Fundraise Bloody Fundraise!

I still shoot from the hip. But now I wee from the ankle. Bladder news.
9 December 2020
Making Grand Plans When Multiple Sclerosis Has Other Ideas
22 January 2021

Socially distanced fundraising, yesterday

Oops. My improbable plan was to offer up an alternative Queen’s Speech for Christmas Day. But clever friends (or Santa, depending on your age as you read this), bought me a bottle of Salted Caramel Tequila. They know the way to my heart and to my taste buds. First two shots, 9.30am. ‘Writing’ quickly burbled its way to foggy impossibility. “Cog fog!” (Cognitive Dysfunction), shout MSers. “Sozzled,” admits I…

 

A naughty Santa, yesterday

 

Instead I shall emulate all our glorious political and religious leaders and issue a New Year’s Message. That’ll show ‘em.

‘Fundraise, Bloody Fundraise!’ is my 2021 nag. If you are of a certain age or you like your 80’s music, you’ll get the rhyming plagiarism in the title from a certain U2 song. 1983 I think. A particularly popular disco floor buster for those of us too inept to dance. You jumped up and down exchanging generous splashes of beer or sweat. And shouted. That was it.

And if you know a little more, or you’re of an even crumblier ‘certain age’, you’ll know that the song refers to ‘The Troubles’ in Northern Ireland : and a particular grizzly incident in 1972, where 26 civilians were shot dead by the British Army. All frankly a bit – a lot – bizarre to bop to. ‘Different times’.

That’s a long winded apology for using an awkward title to deliver a simple message to my millions of followers. Millions, honest. 😬.

Earlier in the month I wrote a series of posts on LinkedIn. Thousands of followers there. Thousands, honest. 😬.

The posts ran on the first twelve days of December, and started, “on the Xth day of Christmas, 2020 gave to me,” followed by a positive experience from the year. It really wasn’t that difficult to find a dozen jolly goodnesses to come out of the Year-that-must-not-be-named…

A speedy, unscientific and frankly impatient analysis of my twelve gratitudes lists off: friends and family; in particular beautiful wives; our health services; exercise and the great outdoors; technology keeping me going; and charities. Charities. CHARITIES! I personally depend on no less than five:

1. Shift.ms,  https://shift.ms/about-us, who not only provide me with a fabulous support network, but also see fit to employ me part-time. And I bloody love representing them and all they offer.

An embarrassment to Shift.ms, yesterday

 

2. The local Chilterns MS Centre, https://www.chilternsmscentre.org/, closed and having a rough ride at present. In other years, I’d be exercising, breathing pure oxygen at three atmospheres, and eating cake with friends there. Not at the same time. Obviously.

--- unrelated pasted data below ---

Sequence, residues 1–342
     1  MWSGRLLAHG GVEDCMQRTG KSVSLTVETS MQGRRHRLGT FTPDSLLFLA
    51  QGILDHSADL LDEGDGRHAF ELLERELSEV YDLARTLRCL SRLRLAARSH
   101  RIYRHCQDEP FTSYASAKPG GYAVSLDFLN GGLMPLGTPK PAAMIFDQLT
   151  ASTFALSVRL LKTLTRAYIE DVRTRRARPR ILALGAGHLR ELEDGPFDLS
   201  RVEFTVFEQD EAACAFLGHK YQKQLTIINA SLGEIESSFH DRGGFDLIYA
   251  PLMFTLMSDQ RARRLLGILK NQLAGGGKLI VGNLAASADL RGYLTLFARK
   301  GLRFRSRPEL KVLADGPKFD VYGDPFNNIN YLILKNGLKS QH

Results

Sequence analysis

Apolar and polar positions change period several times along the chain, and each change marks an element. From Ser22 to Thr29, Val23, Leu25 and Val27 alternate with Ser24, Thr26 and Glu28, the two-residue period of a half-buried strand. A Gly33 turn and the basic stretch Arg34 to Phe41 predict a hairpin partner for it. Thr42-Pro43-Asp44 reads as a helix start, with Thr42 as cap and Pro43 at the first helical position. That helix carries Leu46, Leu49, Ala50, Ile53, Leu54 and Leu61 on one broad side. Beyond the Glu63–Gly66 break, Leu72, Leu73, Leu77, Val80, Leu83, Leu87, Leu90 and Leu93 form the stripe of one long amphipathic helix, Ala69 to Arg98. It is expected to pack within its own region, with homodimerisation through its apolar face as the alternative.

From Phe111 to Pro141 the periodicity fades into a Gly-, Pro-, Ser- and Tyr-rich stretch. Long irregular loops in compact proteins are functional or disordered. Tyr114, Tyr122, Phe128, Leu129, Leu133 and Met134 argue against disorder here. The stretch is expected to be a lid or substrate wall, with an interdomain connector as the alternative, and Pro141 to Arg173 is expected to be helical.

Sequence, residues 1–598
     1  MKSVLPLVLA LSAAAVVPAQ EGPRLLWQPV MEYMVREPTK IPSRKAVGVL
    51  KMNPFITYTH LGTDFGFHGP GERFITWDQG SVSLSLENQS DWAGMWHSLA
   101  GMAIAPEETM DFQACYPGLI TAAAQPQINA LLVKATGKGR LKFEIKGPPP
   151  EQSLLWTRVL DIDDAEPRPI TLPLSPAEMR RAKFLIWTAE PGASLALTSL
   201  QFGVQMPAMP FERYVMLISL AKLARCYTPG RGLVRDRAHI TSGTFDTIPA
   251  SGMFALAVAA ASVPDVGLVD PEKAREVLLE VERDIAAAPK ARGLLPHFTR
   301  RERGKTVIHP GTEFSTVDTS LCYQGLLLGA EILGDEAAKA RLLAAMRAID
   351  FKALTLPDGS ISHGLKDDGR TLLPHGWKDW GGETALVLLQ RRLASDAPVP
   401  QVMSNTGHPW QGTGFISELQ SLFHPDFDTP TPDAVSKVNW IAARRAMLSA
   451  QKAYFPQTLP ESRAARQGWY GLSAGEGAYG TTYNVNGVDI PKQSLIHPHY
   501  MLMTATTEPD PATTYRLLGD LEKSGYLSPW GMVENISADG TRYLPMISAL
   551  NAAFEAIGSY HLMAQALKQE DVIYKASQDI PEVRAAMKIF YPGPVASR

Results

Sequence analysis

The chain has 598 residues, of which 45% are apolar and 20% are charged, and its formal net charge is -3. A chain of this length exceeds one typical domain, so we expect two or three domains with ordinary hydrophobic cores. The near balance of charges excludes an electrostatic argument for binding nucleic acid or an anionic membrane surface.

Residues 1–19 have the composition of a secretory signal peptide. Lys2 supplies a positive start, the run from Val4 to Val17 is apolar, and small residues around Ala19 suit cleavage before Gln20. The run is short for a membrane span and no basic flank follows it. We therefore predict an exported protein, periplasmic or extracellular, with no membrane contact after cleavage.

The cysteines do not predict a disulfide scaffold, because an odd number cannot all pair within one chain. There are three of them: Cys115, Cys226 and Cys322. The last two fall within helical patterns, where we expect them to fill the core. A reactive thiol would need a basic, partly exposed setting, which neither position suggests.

Chilterns MS Centre

Wing Commander Chumley-Oxygen, yesterday

3. Bournemouth Lions Wheelchair Rugby Club. Managing the odd training session this year, but providing me with oodles of motivation to keep fit for 2021 and some bashtastic reunions.

4. Motability. A charity leasing me an adapted car at ridiculously generous rates. Keeps me moving, keeps the family together in one vehicle with all my cumbersome accessories. We received a new one this month…

A strange man in pyjamas, sporting a new hand-control car, yesterday

 

5. Sportability. Gets me and lots of other disabled people some delicious adrenalin buzzes (this year indoor skydiving and Quadbiking. Next year who knows?!).

Honourable mentions to the MS Society and MS Trust too. Both amazing charities but I’m already being greedy listing five to support my bloomin’ condition.

And that’s just me. One disabled person among thousands. I’m not terminally ill. I’m not poor. I’m not living in a war-torn or famine-ravaged country. I’m not an abandoned child. I’ve not been harmed or physically abused. I’m not homeless. I’m not an addict or a recovering one. I could obviously go on. And like so many areas of society, charities that support us have been absolutely decimated by the events of 2020.

Most of us are watching our pennies, nervous about the future or even simply day to day. And if any of us are joining in fundraising activities, they are all solo or virtual. Not quite the impact or commercial clout of The London Marathon.

Here’s a sobering headline from the Financial Times in November: ‘Charity sector faces £10bn funding shortfall and 60,000 job losses’. Big numbers but behind that is the stark reality of services lost to the neediest in society.

https://www.ft.com/content/ea40845e-d0cc-4163-929b-4eb6520a0319

I recently stumbled across Bhutan’s ‘Gross National Happiness’ philosophy that guides their government thinking instead of everywhere else’s ‘Gross Domestic Product’ obsession. It includes an index which is used to measure the collective happiness and well-being of a population. Now I can buy into that big time.

‘Happiness’ is sustainable. Constant growth worldwide just isn’t. And I have discovered through my own condition that a huge chunk of smiley well-being comes from giving, not receiving. Unless it is salted caramel flavour tequila of course.

Please please, think how you can help charities next year. In teeny ways or stupendous ones. My own fundraising ‘Virathlon’ wobbles on with over 25km rolled, nearly 100 tonnes bicep curled in bed watching YouTube, and over 3km walked.  https://www.justgiving.com/fundraising/mark-webb38

But it doesn’t have to be me. It doesn’t have to be Multiple Sclerosis. It doesn’t have to be disability. Just find a charity or cause close to your heart. And do something for it in 2021. Volunteer? Donate? Fundraise Bloody Fundraise?

 

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